palewine

  • **
  • 905 Posts
    • View Profile
Re: Pretty much every book I've read on evolution
« Reply #15 on: October 26, 2020, 07:44:10 am »
The Turing machine has been touted as explaining certain evolutionary adaptations too. This article is quite an eye opener in showcasing the amazing capabilities of it. I think we have said for quite some time now that nature seems very capable; natural processes are not all just "blind". And we think that certain quantum mechanisms could explain that. The origin of life does not have to be seen as an impossible feat for nature.

I confess that article was a bit beyond me, but it was interesting reading nonetheless. Thanks for sharing.

1

kurros

  • *****
  • 11850 Posts
    • View Profile
Re: Pretty much every book I've read on evolution
« Reply #16 on: October 26, 2020, 08:32:38 am »
Over 160 years now and the situation for die-hard evolutionists has gotten worse.

It takes a lot of faith to believe what they believe.

A lot of faith coupled with ignorance of the science involved.

Haha, sure. If that's what you need to believe to sleep at night.

2

Harvey

  • *****
  • 24665 Posts
    • View Profile
Re: Pretty much every book I've read on evolution
« Reply #17 on: October 26, 2020, 08:49:47 am »
I confess that article was a bit beyond me, but it was interesting reading nonetheless. Thanks for sharing.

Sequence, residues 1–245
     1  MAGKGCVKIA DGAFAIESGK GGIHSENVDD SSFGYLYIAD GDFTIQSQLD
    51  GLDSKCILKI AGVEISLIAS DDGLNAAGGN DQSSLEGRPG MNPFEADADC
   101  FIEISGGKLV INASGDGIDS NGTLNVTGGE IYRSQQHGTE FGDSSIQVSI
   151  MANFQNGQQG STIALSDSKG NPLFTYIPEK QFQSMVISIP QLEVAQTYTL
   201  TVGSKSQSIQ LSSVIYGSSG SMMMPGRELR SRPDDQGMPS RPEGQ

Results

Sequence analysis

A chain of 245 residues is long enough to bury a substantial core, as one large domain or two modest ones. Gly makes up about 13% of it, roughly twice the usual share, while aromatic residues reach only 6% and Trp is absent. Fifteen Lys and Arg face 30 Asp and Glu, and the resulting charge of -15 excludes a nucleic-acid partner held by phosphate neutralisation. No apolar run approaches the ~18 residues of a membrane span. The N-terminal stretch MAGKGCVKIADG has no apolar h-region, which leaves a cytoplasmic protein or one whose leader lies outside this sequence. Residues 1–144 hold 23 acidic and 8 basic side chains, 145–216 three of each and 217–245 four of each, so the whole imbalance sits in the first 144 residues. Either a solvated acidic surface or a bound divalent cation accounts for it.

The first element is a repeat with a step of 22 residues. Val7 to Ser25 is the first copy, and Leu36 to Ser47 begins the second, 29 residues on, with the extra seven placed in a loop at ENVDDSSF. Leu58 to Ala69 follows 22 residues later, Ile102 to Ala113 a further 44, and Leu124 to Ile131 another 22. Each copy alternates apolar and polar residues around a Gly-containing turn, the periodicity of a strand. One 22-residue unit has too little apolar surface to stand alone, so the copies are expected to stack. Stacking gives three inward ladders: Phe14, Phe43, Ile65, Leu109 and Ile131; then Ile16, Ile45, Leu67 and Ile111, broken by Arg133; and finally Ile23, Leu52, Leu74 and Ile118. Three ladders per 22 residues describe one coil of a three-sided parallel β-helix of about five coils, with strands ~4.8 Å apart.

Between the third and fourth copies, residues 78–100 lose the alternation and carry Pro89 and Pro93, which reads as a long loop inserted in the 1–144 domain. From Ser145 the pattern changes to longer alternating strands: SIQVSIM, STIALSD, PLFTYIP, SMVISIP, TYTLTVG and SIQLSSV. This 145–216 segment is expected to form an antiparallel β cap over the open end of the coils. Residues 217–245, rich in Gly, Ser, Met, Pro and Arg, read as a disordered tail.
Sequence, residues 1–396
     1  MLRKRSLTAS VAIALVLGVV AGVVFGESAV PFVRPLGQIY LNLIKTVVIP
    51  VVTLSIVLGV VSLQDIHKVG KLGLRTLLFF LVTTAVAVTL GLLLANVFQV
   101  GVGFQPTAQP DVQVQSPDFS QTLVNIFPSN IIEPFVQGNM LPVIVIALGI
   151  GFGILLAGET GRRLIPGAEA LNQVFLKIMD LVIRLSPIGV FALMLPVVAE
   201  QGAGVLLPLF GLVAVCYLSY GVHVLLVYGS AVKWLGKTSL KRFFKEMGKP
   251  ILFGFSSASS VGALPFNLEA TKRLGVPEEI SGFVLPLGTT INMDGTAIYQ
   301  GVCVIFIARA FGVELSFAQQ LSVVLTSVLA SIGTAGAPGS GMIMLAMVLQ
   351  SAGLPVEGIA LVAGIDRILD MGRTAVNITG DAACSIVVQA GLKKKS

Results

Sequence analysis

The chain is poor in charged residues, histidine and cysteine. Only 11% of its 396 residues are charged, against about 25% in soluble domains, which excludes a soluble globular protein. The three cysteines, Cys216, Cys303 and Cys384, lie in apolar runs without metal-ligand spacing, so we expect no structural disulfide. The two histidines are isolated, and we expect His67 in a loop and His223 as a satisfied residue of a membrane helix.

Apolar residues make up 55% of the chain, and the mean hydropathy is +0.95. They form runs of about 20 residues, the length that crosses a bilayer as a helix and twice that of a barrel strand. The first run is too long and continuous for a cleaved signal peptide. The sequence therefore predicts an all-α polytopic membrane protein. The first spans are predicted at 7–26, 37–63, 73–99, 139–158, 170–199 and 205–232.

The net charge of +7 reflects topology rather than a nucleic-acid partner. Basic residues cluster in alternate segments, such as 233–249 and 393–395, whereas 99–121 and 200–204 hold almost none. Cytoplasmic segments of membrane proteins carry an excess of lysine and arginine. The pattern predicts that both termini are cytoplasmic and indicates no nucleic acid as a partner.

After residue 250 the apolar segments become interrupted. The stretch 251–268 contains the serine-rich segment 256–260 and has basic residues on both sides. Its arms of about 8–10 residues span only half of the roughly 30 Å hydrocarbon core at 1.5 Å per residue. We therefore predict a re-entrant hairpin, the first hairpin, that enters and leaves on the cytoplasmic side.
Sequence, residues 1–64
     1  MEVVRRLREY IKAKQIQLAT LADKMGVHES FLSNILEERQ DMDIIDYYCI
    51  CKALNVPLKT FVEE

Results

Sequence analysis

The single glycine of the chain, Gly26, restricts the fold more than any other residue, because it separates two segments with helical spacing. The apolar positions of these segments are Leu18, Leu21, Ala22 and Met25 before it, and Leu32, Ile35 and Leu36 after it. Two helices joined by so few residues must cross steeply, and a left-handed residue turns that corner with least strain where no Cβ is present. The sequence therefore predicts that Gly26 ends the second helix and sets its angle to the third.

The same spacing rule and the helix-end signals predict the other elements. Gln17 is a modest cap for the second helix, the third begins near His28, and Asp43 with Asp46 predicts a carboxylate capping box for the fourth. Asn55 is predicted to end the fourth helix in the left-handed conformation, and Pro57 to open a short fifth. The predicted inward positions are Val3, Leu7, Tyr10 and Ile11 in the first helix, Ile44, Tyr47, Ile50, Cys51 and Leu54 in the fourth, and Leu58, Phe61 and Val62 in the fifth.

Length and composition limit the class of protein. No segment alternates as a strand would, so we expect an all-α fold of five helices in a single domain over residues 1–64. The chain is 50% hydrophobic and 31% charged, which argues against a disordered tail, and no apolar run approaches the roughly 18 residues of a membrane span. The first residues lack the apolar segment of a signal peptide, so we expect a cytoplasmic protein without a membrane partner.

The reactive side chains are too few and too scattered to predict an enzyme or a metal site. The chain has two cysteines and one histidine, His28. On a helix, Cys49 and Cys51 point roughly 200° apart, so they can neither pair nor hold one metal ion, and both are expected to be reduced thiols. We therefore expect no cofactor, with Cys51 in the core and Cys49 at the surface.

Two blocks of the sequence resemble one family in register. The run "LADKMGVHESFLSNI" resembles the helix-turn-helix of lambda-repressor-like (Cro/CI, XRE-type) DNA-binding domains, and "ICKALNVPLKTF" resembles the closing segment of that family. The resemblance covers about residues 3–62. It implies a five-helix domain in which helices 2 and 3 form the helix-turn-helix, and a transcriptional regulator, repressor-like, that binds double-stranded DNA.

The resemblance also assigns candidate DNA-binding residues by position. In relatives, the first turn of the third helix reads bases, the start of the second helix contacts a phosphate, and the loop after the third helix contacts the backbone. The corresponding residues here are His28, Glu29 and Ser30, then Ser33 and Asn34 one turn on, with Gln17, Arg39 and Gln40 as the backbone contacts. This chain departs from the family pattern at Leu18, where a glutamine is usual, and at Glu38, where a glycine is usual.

I see no connection with the origin of life, however.

3

Mammal

  • ***
  • 4808 Posts
  • De facto
    • View Profile
Re: Pretty much every book I've read on evolution
« Reply #18 on: October 26, 2020, 09:05:35 am »
I confess that article was a bit beyond me, but it was interesting reading nonetheless. Thanks for sharing.
I see no connection with the origin of life, however.
In reaction to both, see Dennett's article in The Atlantic.
Fact, Fiction or Superstition?
Thank God For Evolution
The Evolution Of God

4

Harvey

  • *****
  • 24665 Posts
    • View Profile
Re: Pretty much every book I've read on evolution
« Reply #19 on: October 26, 2020, 09:28:24 am »
In reaction to both, see Dennett's article in The Atlantic.

I still see no connection. Wolfram was discussing necessitarianism of the laws as a consequence of the ways "all possible rules" being applied to spaces. Dennett is talking about Turing as it relates to natural selection.

5

Mammal

  • ***
  • 4808 Posts
  • De facto
    • View Profile
Re: Pretty much every book I've read on evolution
« Reply #20 on: October 26, 2020, 10:07:27 am »
^ Oh my. I did not intend to make such a claim on behalf of Wolfram. In fact I only linked Wolfram to try and illustrate the "amazing" potential of a Turing machine mechanism in the general context of my post.
Fact, Fiction or Superstition?
Thank God For Evolution
The Evolution Of God

6

Harvey

  • *****